GM ditches CarPlay and Android Auto for Google-built infotainment system

GM sniffs CarPlay

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General Motors plans to gradually replace CarPlay and Android Auto in its vehicles, in favor of an in-house infotainment system developed with Google, leaning on subscription services.

As Apple prepares to launch the next-generation CarPlay it teased in 2022, some automakers are taking a step back. For example, after GM was late in integrating third-party systems, GM will no longer offer CarPlay and Android Auto in future electric vehicles, starting with the 2024 Chevrolet Blazer.

The automaker plans to keep CarPlay and Android Auto in its combustion cars. Owners of vehicles equipped with the mirror technologies can still use the systems.

But according to Reutershas the company have worked with Google to develop its own infotainment system. The move could help GM collect more data about how people drive and charge their electric vehicles.

GM has been working with Google since 2019 to create the software foundation for infotainment systems that will integrate more closely with other automotive systems, such as GM’s Super Cruise driver assistance system. The car company also plans to use its electric vehicles as platforms for digital subscription services.

In an interview, Edward Kummer, GM’s Chief Digital Officer, and Mike Himche, Executive Director of Digital Cockpit Experience, explained that GM benefits from focusing engineers and investments on one approach to an infotainment system.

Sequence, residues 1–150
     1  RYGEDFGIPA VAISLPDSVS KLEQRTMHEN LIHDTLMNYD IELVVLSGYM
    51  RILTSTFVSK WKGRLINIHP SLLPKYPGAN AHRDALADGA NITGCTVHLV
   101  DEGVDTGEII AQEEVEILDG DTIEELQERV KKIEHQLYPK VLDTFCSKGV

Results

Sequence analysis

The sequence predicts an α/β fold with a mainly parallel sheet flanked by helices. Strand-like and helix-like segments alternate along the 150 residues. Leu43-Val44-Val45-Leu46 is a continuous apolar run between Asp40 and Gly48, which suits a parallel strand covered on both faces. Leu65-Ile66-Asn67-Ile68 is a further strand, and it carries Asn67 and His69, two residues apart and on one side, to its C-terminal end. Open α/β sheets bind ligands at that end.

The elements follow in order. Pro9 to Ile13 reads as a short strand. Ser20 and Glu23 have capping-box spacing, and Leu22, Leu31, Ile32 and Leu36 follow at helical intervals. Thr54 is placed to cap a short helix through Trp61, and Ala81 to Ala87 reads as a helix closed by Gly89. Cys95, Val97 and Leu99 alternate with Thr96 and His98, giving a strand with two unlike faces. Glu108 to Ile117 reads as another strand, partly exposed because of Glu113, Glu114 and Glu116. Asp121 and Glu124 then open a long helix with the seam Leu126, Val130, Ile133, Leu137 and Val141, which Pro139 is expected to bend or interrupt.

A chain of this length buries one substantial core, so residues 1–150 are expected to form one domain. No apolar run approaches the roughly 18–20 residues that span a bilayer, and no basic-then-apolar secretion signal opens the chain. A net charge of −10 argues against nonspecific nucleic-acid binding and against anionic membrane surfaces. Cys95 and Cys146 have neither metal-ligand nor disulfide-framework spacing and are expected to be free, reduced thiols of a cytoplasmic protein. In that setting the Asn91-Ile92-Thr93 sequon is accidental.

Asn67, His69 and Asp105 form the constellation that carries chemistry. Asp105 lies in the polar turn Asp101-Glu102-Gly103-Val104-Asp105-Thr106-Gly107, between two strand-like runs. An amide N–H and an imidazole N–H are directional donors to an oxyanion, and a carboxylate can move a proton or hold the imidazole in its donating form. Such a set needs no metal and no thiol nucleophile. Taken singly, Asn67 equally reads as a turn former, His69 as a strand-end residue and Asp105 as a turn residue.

“There are a lot of new driver assistance features coming up that are more closely linked to navigation,” Himche said. “We don’t want to design these features in a way that relies on someone having a cell phone.”

It is not clear why Himche believes that the owner of an electric vehicle sold for $40,000 and above will not have a cell phone.

Either way, drivers can still listen to music in their GM vehicles or make calls on iPhone or Android smartphones using Bluetooth.

People who buy a GM electric vehicle get free access to Google Maps and Google Assistant for eight years. The future GM system also offers apps such as Spotify, Audible and other services.

“We really believe there is subscription revenue opportunity for us,” said Kummer. By 2030, GM CEO Mary Barra hopes to generate $20 to $25 billion in revenue from annual subscription fees.

The report doesn’t directly quote a GM executive saying they were scrapping CarPlay altogether. AppleInsider has reached out to Apple and GM for comment on the report.

GM was not on the list of next-generation CarPlay partners. That list includes Land Rover, Audi, Lincoln, Porsche, Nissan, Ford, Jaguar, Acura, Volvo, Honda, Polestar and Infiniti.